Only weeks after her mother’s passing, Laurie Gilberg Vander Velde traveled to San Miguel de Allende, Mexico, on a previously scheduled vacation. San Miguel was also the place where twenty-four years earlier her mother had sought refuge from grief and Laurie finds memories of her mother everywhere.
by Richard Rossner
“There’s a disturbance in the Force.” - Obi-Wan Kenobi
My uncle died today. As soon as I heard the news, I felt the depth of Obi-Wan’s statement. It’s been happening a lot lately. My mother died last June.
The disturbance I feel is that small hole…the emptiness…the gap that a person leaves behind when they finish their life’s journey and head for the next adventure in the Hereafter. It seems like a selfish thing, but I didn’t even have to talk to them; I just liked knowing that my uncle and mom were here. My maneuverings in the world somehow felt safer knowing that we were sharing space, air, the daily happenings…everything. But the death of someone I love sensitizes me to the rip in the fabric of life.
Even though I believe in the concept of “spirit” and that it survives bodily death, it doesn’t make the loss any easier for me.
by Connie Hand
The sun was bright under a clear azure sky. The birds were merrily singing on that beautiful Summer morning. As I stood by the country road and stared at the house in front of me, my heart was pounding. I was in Nariz, Portugal standing in front of a house that was typical of the area. But this house was special to me because it was the one in which my father was born. Immediately I thought of the stories he used to tell about his childhood in Portugal and his journey to America.
I always loved to hear about far away places and thought that one day I would travel to Portugal to visit those little towns and big cities that Dad talked about in such a vivid way.
The story of my father, Augusto Silva began on June 8, 1911 in Nariz in the district of Aveiro. He was the second of five children born to Maria and Luis Silva, and it was not an easy life. The family farmed their lands and tried to make ends meet. In 1927, Dad decided to emigrate to the United States, and it was a life-altering decision. He researched what was necessary for his journey. It must have been very hard on both of them when his widowed mother gave him her approval to leave. He told me he vowed to go back to visit this sweet woman, and he did keep that vow. He described that visit with tears in his eyes.
He traveled to Lisbon, the capital of Portugal, and worked there for several months until he discovered that Portugal’s emigration quotas were filled for the next several years. He was advised to travel to France to take up residency in Paris. He told me that he worked in Paris doing odd jobs. I remember Dad telling me that Paris was a huge, beautiful city. He said he saw as many sights as he could, but he really couldn’t wait to get to America.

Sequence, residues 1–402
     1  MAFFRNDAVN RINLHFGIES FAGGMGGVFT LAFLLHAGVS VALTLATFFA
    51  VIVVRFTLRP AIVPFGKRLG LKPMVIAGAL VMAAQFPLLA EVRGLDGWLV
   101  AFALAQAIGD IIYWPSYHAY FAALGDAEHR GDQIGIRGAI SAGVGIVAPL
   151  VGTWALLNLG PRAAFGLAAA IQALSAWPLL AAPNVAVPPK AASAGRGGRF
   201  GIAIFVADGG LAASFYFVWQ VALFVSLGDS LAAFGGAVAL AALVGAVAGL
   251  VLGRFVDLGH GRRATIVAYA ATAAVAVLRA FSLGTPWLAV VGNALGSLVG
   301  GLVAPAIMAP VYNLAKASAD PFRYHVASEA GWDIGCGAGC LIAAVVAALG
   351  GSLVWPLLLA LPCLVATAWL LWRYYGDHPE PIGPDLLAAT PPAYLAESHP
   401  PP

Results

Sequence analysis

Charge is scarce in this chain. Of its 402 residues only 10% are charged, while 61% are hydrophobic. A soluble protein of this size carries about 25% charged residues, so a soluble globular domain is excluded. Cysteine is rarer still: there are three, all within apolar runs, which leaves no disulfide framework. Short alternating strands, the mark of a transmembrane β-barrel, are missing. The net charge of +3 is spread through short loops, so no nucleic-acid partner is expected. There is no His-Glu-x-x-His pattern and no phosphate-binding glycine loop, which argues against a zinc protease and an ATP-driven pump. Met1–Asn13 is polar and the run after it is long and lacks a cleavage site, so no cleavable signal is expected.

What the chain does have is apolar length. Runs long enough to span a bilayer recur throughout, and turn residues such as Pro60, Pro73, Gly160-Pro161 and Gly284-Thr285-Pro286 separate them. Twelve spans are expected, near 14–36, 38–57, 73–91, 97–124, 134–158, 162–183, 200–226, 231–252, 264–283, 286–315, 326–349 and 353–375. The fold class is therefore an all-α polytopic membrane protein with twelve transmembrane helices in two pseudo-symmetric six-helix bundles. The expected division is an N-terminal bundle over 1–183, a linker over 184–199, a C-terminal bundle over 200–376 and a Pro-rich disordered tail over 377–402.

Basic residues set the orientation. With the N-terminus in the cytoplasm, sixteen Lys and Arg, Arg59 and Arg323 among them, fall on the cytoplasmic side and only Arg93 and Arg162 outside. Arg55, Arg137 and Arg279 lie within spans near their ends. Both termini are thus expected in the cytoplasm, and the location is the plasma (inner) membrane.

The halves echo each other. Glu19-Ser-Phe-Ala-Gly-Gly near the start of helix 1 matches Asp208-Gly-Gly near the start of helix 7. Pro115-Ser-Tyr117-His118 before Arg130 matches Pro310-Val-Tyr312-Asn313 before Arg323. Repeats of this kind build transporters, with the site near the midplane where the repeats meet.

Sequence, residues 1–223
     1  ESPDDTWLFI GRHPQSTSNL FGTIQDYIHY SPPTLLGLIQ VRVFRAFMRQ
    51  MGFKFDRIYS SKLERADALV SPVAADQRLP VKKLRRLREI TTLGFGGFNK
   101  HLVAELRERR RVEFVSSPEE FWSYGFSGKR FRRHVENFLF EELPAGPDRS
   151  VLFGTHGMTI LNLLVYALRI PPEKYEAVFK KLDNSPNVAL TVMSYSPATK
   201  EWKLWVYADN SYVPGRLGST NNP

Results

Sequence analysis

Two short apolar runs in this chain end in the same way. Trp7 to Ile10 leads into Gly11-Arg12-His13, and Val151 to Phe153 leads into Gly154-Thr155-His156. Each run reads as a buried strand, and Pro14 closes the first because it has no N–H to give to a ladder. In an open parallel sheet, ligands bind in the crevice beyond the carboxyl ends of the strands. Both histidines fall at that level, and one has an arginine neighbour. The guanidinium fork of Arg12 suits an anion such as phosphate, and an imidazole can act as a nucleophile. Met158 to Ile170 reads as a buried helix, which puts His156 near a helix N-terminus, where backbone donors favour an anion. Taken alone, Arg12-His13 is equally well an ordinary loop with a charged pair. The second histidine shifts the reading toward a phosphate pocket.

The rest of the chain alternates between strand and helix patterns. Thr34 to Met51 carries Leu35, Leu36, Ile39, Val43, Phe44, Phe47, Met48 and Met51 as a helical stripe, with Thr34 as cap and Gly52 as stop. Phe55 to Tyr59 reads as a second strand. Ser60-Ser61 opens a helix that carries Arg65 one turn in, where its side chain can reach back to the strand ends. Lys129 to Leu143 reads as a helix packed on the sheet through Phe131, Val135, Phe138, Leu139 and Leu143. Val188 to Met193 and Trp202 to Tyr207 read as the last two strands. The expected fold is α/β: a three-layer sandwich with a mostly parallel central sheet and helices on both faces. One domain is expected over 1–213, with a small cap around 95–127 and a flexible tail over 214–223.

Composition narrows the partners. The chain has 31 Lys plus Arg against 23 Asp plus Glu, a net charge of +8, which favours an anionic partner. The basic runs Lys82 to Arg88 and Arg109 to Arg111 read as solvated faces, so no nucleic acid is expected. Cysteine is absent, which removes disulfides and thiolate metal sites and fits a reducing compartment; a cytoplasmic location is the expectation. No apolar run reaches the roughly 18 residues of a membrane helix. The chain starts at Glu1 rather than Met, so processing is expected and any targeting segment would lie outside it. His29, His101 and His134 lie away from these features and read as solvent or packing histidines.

by Nancy King
Paul, the young landscaper I had hired to redo my irrigation system asked, “Would you mind if we dug up a small area of the flagstones? It would make laying the new irrigation lines a lot easier.”
by Andrea Campbell
By traveling to find my father's family, I became a bridge between the Soviet Union and the United States. But first, allow me to back up and tell you my story.
I had been an orphan and spent seven abysmal years in foster homes. When my mother died of cancer, I was only ten. She was 45. It was the worst thing that ever could happen to me, I thought. Unresolved grief walled my heart. For comfort, I turned to my big sister who was as devastated as I. And I looked to my distant, hard working, passionate Ukranian immigrant father for a sense of security. Though he tried to fill my loneliness, he suffered from depression.
Two years after my mother died, my father died. I was twelve and alone. Because my sister was separated and planning to divorce, the courts decreed that her’s was a broken home and not a good environment for me. Thus, I was sent to the first foster home. I lost my mother, my father, my home, most of my belongings and close contact with my sister. I was isolated and abandoned.
Somehow, I gathered family photos. As I matured, through hard work (dealing with my own suffering), years of schooling and post-school training, I chose a career in mental health. I found happiness and deep satisfaction as a mother to my daughter.
When my father left Russia in 1915, he was 15 years old. He never saw his family again. I was told he kept a goat in a lot on Prince St., Newark, New Jersey. A noted School of Medicine and Dentistry now stands on that spot. A letter from his mother in 1939 contained a photo of his nephew, and a request to cease communication. At that time, having American family was potentially politically dangerous. The last he heard about them was that they were starving during WWII. When my father died in 1956, he thought they had starved to death or were killed by Nazis.